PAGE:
Counties deny mistreatment
Thursday, December 1, 2005
By BILL DUHART
Officials from Burlington and Essex counties this week denied any wrongdoing in the case of a Burlington County man who was jailed for seven days on an outdated warrant.
Albert Florence claims he was falsely imprisoned for a week after being stopped on Interstate 295 in Burlington County by a state police trooper. He also contends he was a victim of racial discrimination and profiling.
Florence has filed a lawsuit in Federal District Court in Camden seeking $2 million in damages.
Florence was arrested March 3 after his car was pulled over for speeding, according to the lawsuit. His wife was driving. No ticket was issued, but Florence was arrested after the officer said he owed the state $1,574 for an overdue traffic violation. The car was registered to him.
He said he was taken to Burlington County Jail, strip searched and held for six days. He was then transferred to Essex County Jail, where he was also strip searched, he said. A judge released him the next day because the fine had been paid in 2003, according to the court complaint.
Florence said he was not given a basic hygiene kit with toothpaste, soap and a towel and was not allowed to bathe during the week he was jailed. He said he observed other prisoners, who were white, being given provisions. Florence is black.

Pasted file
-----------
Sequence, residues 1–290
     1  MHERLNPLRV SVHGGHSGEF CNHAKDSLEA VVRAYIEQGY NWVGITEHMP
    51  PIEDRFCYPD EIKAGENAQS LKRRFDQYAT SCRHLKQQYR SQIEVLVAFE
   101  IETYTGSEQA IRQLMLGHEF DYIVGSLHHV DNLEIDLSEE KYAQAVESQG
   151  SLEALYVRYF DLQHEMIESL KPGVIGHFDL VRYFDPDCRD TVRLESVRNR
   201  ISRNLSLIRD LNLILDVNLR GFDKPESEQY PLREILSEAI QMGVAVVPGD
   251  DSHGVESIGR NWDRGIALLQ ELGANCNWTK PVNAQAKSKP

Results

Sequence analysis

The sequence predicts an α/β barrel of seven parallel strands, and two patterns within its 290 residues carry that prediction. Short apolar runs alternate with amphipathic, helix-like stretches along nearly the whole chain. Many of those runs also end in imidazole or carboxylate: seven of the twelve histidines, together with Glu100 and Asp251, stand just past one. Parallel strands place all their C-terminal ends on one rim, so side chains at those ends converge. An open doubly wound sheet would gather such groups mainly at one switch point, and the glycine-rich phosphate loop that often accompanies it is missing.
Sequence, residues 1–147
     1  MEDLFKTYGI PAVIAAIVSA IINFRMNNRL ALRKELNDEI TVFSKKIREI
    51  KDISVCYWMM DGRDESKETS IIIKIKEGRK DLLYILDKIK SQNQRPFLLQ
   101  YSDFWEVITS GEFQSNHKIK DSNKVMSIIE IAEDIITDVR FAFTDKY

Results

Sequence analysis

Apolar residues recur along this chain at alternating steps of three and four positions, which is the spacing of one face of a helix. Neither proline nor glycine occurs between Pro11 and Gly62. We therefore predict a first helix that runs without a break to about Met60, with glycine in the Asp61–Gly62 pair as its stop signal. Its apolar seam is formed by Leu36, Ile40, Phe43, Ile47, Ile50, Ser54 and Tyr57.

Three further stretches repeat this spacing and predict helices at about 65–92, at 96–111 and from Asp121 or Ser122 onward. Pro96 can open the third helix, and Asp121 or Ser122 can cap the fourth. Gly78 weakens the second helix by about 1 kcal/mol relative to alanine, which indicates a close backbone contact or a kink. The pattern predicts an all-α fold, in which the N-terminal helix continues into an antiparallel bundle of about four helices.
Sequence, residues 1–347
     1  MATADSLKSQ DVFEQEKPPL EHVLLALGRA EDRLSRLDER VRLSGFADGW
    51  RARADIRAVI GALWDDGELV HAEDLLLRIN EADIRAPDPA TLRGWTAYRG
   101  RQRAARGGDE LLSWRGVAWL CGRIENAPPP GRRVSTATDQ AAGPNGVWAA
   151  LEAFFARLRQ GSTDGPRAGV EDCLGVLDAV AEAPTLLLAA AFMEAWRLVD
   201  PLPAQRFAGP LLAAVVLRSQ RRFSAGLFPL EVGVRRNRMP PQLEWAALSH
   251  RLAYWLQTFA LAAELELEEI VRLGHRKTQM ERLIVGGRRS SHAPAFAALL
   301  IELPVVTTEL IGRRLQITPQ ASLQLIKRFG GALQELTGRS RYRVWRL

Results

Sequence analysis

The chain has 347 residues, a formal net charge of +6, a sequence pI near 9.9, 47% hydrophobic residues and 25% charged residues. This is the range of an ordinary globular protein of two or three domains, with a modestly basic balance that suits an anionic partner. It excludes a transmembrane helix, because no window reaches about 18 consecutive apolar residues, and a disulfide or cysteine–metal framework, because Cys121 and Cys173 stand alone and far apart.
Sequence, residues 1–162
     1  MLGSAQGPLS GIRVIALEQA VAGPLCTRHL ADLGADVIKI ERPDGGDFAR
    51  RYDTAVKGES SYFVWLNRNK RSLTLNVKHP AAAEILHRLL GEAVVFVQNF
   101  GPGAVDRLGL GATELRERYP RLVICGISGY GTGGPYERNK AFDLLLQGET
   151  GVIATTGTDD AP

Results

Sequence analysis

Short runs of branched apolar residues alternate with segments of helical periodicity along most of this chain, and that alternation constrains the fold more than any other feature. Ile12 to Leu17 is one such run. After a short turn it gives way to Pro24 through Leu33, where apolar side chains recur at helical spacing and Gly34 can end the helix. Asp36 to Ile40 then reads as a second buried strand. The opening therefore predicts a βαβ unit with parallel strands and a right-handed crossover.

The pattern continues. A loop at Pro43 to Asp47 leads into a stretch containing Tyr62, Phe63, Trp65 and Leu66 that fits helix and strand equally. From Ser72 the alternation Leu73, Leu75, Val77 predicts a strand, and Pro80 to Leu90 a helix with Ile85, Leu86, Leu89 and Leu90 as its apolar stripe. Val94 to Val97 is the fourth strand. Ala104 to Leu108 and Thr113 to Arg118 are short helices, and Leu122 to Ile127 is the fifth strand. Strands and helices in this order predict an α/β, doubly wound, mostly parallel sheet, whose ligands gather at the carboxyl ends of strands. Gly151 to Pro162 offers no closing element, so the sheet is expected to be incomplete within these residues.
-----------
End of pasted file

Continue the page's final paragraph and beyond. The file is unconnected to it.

Officials from both counties confirmed that Florence was locked up in their jails for a week, but deny he was mistreated.
“The county is guilty of absolutely no wrongdoing,” said J. Brooks DiDonato, an attorney for Burlington County. “The client was treated fairly and well within his constitutional rights.”
Harry Del Plato, acting Essex County counsel, said Wednesday that he couldn’t comment on ongoing litigation. But he added, “We’re going to defend it.”
An attorney for Florence said her client and his family have been traumatized by the incident. His wife was seven months pregnant at the time of the traffic stop, and his 4-year-old son was in the back seat of the car.
“He shouldn’t have been arrested,” said Susan Chana Lask, a New York-based attorney for Florence. “He shouldn’t have been strip searched twice. He was racially mistreated. If he was a white person, it wouldn’t have gone that far.”
Lask said one phone call to Essex County could have sprung her client. She said he even carried a certified letter from the state noting the fine had been paid, which he got after being stopped previously by police.
Lask said Florence’s BMW car may have led to him being racially profiled.
A state police officer, identified as “John Doe,” was also named as a defendant in the court complaint.
Reach Bill Duhart at (856) 486-2576 or firstname.lastname@example.org